Teaching Children to Be Safe Online
We are all more connected than ever before with many children having access to internet-connected devices before they learn to walk and talk, and more educational resources being utilised in schools. This begs the question: What are the impacts of internet use on children and how can we keep them safe? As Safer Internet Day is being celebrated around the world on Tuesday 11th February 2020, we wanted to create a blog providing useful information on how you can educate children on how to stay safe online and create a better internet.
Having a safer online experience for your students starts with a secure foundation. Installing anti-virus solutions makes sure that your computer is clear of common viruses and malware, having strong passwords and updating all software regularly means your school is always protected from threats. Read our blog all about how to improve your schools online security for more information.
Teach your students how to recognise common social engineering methods, such as phishing emails or social media phishing. Phishing has been around for many years and it still continues to be one of the most successful ways to scam people, so teaching students about phishing will help prevent students from falling for the trap in the future.
Many social media platforms have privacy controls that can be used to improve their security. If you know that your students are using social media, talk to them about these controls and the importance of using them effectively. Convincing them to take privacy controls seriously may require you to make them aware of the threats that they are vulnerable to on these platforms such as inappropriate content, scams and predators targeting children and teenagers on social media. Also reminding your students that using offensive language and sharing inappropriate photos or videos via social media will stay there forever, even if they delete it, because it can be shared by many other social media users and could possibly come back to haunt them at some later stage of their life. By having these conversations it will make children using social media more responsible and they will have a clear knowledge of the dangers that could potentially happen.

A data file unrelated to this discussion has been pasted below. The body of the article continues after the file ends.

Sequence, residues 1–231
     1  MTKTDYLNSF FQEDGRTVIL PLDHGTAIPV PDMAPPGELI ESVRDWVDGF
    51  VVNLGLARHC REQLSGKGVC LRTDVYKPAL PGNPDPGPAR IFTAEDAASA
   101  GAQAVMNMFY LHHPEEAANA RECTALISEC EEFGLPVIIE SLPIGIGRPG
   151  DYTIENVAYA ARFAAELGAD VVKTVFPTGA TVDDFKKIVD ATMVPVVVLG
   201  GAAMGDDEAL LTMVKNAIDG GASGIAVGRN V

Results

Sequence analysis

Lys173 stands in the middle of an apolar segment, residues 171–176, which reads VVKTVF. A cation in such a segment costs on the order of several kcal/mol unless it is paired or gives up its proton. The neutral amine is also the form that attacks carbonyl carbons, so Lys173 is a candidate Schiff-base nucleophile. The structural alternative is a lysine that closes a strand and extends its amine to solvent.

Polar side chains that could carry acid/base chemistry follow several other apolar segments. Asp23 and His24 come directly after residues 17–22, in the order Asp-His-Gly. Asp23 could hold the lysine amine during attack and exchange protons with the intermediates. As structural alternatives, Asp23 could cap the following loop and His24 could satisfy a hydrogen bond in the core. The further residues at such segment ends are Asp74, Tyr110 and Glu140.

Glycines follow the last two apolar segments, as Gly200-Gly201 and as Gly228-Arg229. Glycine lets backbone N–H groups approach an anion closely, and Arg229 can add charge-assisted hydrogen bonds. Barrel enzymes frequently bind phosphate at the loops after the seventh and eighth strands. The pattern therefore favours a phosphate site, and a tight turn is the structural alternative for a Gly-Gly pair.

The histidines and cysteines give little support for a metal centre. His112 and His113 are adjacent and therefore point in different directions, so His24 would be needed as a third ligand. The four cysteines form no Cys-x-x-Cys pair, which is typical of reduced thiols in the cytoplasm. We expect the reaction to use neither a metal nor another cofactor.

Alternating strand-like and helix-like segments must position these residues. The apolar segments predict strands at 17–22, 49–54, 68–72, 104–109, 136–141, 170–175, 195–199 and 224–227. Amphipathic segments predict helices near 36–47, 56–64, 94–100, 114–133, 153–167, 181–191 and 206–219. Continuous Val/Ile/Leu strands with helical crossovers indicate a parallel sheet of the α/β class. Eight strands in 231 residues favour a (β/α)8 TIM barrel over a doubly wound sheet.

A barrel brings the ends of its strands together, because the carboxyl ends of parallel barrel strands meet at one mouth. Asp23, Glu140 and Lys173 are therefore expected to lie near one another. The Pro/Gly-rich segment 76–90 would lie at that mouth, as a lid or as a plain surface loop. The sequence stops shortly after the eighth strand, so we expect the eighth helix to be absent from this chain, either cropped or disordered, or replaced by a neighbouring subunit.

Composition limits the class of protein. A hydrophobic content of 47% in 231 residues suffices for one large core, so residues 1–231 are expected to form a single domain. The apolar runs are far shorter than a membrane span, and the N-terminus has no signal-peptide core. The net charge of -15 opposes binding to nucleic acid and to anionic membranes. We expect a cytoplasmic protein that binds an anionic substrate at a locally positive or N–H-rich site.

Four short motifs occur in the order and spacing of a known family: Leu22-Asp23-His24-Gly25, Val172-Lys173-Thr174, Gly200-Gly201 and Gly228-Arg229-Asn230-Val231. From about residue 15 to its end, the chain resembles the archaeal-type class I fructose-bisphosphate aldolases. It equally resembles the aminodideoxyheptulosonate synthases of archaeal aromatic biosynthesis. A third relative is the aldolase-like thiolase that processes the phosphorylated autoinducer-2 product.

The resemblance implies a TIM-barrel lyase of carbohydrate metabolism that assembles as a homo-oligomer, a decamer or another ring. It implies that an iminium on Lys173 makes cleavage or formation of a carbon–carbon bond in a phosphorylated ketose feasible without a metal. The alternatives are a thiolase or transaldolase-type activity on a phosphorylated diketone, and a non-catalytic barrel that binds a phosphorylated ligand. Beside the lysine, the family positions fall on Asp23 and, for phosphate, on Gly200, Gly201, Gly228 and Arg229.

Content Filtering & Monitoring
Content filtering in schools is essential to keep kids away from content that is not suitable for them. Having an effective content filtering service such as SurfProtect Quantum allows you to take control over how your Internet connection is used. This combined with a good monitoring service gives a comprehensive solution, to protect your pupils from things they should not access on the internet. Monitoring services like Securus can alert you to a child in need, telling you when they may be searching something such as self-harm, suicide and concerns can then be raised.
While it may seem that the internet has created more availability for connection, it has also created more availability for anonymity and the illusion of safety, in these cases cyberbullying. Cyberbullying can take many forms which include, harassment, stalking or embarrassing rumours. Anyone can become a victim of cyberbullying, but children and teenagers are the most vulnerable. While most cyberbullying incidents (for example, children getting flooded with mean texts or having negative comments being made on their photos or videos) occur at home, these problems will soon spill over to the classroom, making cyberbullying an issue teachers can’t ignore. The answer isn’t forbidding technology, so much as teaching kids right from wrong. As a teacher, you can be a powerful force in promoting a climate of respect. Educate yourself and be on the lookout for signs that cyberbullying is taking place, because you may be the trusted adult a student turns to for help. Many schools today have bullying programmes in place, so teachers may have established policies available for dealing with activity that involves students.
All teachers and students have a part to play in making the internet a better place. However as teachers you can create an internet where students are, free to talk. If anyone or anything, online is making a child feel worried, upset or uncomfortable, then talk to this child straight away and try to resolve the problem. The sooner you know how this child is feeling, the sooner he/she can be helped. Also, children should have the right to be themselves in or out of school. Always encourage the students in your classroom to try new activities even if this is online, but first check to see if the activity they’re wanting to do is appropriate for them.